The students seated in front of computers in Argonne’s Theory and Computer Sciences Building were frantic. Each group had been given a virtual power company, complete with its own website and imaginary members of the public trying to pay bills. Their task: to shield their companies from hackers. Playing the part of the cyberintruders were Argonne’s cyberexperts, as well as other computer science students and volunteers from cybersecurity companies such as Chicago-based Juniper Networks.
The students on defense—some 75 in all, divided into eight teams and drawn from seven universities in Illinois and Iowa—weren’t faring well. When the power stopped flowing at their station, a light bulb next to them went dark. And each time a power company was compromised in any way—its website defaced, its power grid attacked—a message would flash on a nearby wall screen, triggering a lot of groaning and laughing.
“There were actually a couple teams that were completely wiped out,” Evans told me later, “yet they still sort of came back and tried to stand stuff up quickly. This is what you would do in the real world: ‘My power grid’s down. Well, I need to get that working again. What can I do, really quickly, to set something up and make it work?’ ”
As the 2016 presidential election demonstrated, cybersecurity is a major national issue. There’s a special urgency in Chicago, which is home to one of the biggest internet network hubs in the country: a massive “carrier hotel” on the Near South Side called the Lakeside Technology Center. Last fall, a single glitch at that data center caused major disruptions of service, from the Midwest to the East Coast. “There was a configuration mess-up that prevented the interconnects from actually occurring properly,” says Evans, “and it made a considerable portion of the internet inaccessible for 10 or 12 hours.” Weeks earlier, malware had invaded a similar connector on the East Coast, shutting down websites such as Spotify and Amazon and crippling Twitter.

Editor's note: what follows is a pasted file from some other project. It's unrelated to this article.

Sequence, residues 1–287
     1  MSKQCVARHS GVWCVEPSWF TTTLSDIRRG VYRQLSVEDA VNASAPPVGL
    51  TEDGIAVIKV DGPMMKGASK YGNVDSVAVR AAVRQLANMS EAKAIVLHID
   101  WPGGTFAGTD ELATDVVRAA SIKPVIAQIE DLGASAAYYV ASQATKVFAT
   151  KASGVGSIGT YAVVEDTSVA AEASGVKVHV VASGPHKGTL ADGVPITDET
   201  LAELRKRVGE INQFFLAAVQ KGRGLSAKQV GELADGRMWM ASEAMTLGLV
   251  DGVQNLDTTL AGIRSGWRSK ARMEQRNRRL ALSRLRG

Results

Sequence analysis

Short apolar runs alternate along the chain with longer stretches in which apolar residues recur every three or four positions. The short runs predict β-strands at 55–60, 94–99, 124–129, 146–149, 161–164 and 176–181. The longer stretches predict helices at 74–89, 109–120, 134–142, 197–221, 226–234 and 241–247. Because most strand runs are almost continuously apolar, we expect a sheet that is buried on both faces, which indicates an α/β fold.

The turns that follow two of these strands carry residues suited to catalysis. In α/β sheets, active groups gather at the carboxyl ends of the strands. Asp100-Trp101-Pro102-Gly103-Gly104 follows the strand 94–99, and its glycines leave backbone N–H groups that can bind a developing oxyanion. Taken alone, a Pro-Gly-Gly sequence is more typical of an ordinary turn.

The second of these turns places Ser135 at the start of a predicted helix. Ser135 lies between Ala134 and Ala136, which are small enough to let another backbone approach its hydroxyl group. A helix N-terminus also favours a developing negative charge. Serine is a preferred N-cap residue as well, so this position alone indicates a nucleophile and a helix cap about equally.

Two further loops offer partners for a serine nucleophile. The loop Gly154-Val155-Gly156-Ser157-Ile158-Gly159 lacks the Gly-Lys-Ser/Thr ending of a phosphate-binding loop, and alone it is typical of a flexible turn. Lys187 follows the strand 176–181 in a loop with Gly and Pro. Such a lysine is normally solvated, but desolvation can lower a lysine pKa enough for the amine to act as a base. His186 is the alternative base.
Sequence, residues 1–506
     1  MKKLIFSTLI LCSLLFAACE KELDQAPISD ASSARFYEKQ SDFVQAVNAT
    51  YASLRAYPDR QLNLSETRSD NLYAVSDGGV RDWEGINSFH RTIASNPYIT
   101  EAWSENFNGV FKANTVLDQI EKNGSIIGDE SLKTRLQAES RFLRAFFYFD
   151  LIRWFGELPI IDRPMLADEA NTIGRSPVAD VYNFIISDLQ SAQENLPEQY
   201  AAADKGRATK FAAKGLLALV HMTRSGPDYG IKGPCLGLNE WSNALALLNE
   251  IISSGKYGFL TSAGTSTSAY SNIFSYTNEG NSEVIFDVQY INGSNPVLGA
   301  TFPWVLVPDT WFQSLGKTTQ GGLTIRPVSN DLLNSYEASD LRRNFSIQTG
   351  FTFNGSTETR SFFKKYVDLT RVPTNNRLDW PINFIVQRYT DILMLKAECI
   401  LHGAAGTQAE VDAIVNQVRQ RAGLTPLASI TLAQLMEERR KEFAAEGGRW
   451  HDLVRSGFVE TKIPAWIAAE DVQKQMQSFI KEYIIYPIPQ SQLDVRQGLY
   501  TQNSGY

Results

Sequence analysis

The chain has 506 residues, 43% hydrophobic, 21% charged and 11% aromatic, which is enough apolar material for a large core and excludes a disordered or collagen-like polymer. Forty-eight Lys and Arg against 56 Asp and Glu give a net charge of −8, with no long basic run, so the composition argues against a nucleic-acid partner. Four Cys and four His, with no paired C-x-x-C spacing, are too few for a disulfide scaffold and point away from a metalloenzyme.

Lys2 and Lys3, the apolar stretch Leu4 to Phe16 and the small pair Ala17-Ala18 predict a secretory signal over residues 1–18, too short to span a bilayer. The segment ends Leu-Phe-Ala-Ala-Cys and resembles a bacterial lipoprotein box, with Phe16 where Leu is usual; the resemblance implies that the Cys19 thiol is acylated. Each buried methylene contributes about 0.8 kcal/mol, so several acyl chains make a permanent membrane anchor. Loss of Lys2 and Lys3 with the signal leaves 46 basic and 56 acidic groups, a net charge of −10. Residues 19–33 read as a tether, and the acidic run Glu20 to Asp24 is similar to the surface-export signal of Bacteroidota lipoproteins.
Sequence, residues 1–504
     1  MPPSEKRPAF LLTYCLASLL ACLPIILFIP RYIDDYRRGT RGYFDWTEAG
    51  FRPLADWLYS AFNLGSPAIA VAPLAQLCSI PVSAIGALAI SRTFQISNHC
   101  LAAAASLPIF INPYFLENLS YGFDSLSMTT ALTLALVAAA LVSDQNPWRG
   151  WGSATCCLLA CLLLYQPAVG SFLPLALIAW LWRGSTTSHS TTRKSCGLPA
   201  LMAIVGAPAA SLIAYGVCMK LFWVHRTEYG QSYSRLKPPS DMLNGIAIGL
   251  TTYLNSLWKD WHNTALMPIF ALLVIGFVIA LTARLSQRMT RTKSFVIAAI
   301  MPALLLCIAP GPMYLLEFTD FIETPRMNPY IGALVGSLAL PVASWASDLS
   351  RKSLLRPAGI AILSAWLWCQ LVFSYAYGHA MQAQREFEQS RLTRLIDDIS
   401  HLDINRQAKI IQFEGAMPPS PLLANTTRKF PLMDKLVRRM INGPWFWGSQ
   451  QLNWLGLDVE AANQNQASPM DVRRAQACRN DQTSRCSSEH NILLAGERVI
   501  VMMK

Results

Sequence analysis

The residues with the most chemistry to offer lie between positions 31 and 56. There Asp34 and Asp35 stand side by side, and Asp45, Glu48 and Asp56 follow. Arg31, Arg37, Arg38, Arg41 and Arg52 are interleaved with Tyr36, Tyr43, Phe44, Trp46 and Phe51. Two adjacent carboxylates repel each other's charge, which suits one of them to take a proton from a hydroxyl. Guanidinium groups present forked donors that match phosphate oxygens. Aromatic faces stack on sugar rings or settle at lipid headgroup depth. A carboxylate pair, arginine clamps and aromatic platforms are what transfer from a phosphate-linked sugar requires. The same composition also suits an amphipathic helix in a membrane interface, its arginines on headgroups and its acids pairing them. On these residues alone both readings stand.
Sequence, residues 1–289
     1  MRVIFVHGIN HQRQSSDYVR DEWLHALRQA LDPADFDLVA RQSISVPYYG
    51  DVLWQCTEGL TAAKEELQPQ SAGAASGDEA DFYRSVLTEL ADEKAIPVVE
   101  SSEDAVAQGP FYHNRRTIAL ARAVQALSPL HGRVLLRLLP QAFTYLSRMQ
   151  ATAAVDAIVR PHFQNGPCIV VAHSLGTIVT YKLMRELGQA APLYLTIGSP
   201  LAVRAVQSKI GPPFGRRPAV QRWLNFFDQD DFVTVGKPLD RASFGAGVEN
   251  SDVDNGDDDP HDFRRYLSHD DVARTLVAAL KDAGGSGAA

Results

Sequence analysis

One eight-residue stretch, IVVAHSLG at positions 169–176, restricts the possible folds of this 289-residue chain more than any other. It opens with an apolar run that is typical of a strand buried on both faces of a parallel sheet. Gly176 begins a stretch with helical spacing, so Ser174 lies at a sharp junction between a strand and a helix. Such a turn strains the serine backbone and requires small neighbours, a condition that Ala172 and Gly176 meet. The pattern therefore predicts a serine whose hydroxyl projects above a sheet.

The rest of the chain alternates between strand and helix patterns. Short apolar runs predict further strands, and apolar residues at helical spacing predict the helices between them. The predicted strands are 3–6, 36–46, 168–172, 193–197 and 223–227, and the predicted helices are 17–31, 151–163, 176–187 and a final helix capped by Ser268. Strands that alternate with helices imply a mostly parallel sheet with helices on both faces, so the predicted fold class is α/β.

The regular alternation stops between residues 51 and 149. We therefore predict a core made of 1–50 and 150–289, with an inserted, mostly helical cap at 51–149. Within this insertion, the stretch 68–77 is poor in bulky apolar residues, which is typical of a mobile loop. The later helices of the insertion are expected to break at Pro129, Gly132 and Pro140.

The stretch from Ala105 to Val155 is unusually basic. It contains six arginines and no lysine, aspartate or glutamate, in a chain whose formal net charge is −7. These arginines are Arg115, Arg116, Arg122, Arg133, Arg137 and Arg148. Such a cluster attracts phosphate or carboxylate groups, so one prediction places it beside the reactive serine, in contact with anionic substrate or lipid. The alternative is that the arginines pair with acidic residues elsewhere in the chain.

Among the concerns the GSS is addressing is the ability of hackers to take control not just of the internet’s hubs but of its spokes—specifically, things like routers, webcams, and, increasingly, web-enabled home amenities like baby monitors and TVs. The malware used in the East Coast attack, in fact, was specially designed to scour the internet for devices to manipulate remotely. Among them: onboard Wi-Fi systems in cars and trucks. The newest models have web access, and this opens the door to any number of scary scenarios—particularly ones in which hackers commandeer a vehicle’s steering, brakes, and other computer-reliant features. The advent of driverless cars conjures a whole new set of nightmares. Imagine entire fleets of trucks under the control of a bad guy.
Evans and his cybersecurity team have been preparing for just such scenarios. “We actually have people that hack into vehicles and create defenses to stop that from happening,” he says. His team is partnering with Argonne’s Advanced Powertrain Research Facility to prevent automotive hacking, as well as to create traffic prediction models to see just how much chaos could be unleashed in various hacking scenarios. What their models show, among other things, is that gridlock can be achieved on a massive scale in a relatively short amount of time by causing accidents in just a few key locations, cutting off the entire urban area from any incoming or outgoing transit.
Do the men and women of the GSS sleep well at night? To hear Clifford tell it, absolutely. For one thing, she says, they come home each day with the satisfaction of having done work they believe in. “For me, getting into this business was about making a difference and having a positive impact,” she says. “Did it mean that I had to become more aware of some of the risks that we’re faced with? Absolutely.”
Indeed, given the nature of their work, it might be expected that members of the GSS would take extreme protective measures in their own lives—hoarding batteries and bottled water, say, or converting cash to gold bars. For Clifford, at least, that’s not the case: “I think it is good to change our behaviors in a positive way, whether it’s because we’ve experienced a disaster or we know someone who has. But we all live with some level of risk. I also am going to live my life.”